Scientists Have an Interesting Idea About the Origins of Homophobia

June 14th 2016

Kyle Jaeger

The Orlando mass shooting, which left 50 people dead and 53 others injured, serves as a reminder that LGBT individuals are disproportionately targeted in hate crimes. While early reports suggested that shooter Omar Mateen was motivated by a fierce hatred of gays, and, according to his dad, was even triggered by watching two men kiss in public, several sources told news outlets on Monday that Mateen may have been struggling to come to terms with his own sexuality.


The reports about Mateen give credence to the theory that latent homosexuality can manifest in the form of homophobia.

"I think the reality is that a lot of anti-gay hate criminals turn out to be afraid that they are gay themselves or have these feelings and so on," Mark Potok, a senior fellow at the Southern Poverty Law Center (SPLC), told ATTN: prior to the revelations about Mateen. "Not to play psychiatrist too much, but I think a lot of people feel that they are almost literally beating the gayness out of themselves as they beat some unfortunate gay man to death."

Here's a map of anti-LGBT hate groups in the U.S., according to the SPLC.

hate map

It is unclear if this psychological theory applies to Mateen or if it offers some kind of explanation for the senseless violence that took place at Pulse on Sunday. But the FBI is investigating the connection, looking into reports that the gunman frequented Pulse and used gay dating apps. One of Mateen's former police academy classmates said he believed Mateen was gay and even went to several gay bars with him, New York Magazine reports.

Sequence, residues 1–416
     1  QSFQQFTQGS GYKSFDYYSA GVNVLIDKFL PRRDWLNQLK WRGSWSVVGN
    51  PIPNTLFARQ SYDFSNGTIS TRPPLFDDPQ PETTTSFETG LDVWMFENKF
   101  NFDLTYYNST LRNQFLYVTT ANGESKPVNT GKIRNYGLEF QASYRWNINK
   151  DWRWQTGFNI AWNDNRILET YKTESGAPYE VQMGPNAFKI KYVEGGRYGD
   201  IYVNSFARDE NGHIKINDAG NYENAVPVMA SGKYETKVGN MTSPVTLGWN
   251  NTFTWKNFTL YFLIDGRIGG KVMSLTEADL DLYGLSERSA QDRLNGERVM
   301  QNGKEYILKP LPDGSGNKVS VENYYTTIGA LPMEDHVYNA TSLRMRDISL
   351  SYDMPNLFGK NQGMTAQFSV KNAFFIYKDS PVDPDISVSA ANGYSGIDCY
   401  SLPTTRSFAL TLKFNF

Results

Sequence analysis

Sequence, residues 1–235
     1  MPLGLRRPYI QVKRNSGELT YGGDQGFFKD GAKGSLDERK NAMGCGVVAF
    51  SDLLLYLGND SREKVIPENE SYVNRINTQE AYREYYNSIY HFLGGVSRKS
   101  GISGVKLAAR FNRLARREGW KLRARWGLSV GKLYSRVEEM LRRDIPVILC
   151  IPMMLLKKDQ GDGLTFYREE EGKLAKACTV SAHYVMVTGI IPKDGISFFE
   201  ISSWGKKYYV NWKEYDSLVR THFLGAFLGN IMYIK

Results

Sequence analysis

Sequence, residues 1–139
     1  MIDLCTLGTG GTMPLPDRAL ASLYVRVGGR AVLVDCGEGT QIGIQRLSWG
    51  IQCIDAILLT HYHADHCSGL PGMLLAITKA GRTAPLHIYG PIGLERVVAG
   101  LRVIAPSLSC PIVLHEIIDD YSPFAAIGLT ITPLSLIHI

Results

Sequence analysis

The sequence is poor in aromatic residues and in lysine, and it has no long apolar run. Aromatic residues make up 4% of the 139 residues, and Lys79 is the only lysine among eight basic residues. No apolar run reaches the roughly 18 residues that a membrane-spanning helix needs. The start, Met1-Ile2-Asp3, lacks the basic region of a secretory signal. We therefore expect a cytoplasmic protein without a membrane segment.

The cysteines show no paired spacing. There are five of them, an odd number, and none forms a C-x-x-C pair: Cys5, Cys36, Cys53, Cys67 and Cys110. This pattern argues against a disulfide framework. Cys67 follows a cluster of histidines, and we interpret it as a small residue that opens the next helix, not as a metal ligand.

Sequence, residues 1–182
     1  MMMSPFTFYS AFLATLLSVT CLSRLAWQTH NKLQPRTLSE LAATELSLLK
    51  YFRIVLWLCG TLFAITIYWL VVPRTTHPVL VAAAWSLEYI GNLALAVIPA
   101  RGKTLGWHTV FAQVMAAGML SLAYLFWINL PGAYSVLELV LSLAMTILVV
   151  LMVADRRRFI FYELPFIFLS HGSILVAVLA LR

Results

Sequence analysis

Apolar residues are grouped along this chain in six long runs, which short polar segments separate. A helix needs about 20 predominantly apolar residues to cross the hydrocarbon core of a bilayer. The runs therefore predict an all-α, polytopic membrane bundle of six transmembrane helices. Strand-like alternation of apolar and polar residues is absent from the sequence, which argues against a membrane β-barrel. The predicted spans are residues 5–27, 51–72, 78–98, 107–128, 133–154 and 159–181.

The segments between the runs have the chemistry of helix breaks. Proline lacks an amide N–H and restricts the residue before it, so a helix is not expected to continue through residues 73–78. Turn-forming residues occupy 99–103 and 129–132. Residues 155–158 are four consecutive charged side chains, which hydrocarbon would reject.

Though no studies have focused on homophobic hate criminals specifically, there's research to support the theory. A 2012 study published in the Journal of Personality and Social Psychology offers empirical evidence that those who have averse emotional reactions to gay people could be repressing same-sex desires themselves.

Researchers looked at the results of four separate experiments conducted in the U.S. and Germany, which involved administering psychological tests to about 160 participants (per experiment).

One experiment asked participants to put words and pictures that appeared on a screen into "gay" or "straight" categories. Prior to the trial, the word "me" or "other" flashed on the screen for 35 milliseconds, and those who quickly associated the words "gay" and "me" (or slowly associated "straight" and "me) were thought to have indicated an implicit gay orientation. Another experiment that allowed participants to freely browse "same-sex" or "opposite-sex" photos also revealed implicit sexual orientation.

Finally, researchers determined the "level of homophobia" (based on opinions expressed in questionnaires as well as beliefs implied through word-completion tasks) of each study participant. The findings confirmed what has been speculated since the early years of psychoanalysis. (Think Freud.)


"Individuals who identify as straight but in psychological tests show a strong attraction to the same sex may be threatened by gays and lesbians because homosexuals remind them of similar tendencies within themselves," Dr. Netta Weinstein, the lead author of the study, wrote.

"This study shows that if you are feeling that kind of visceral reaction to an out-group, ask yourself, 'Why?'" Dr. Richard Ryan, the study's co-author, added. "Those intense emotions should serve as a call to self-reflection."

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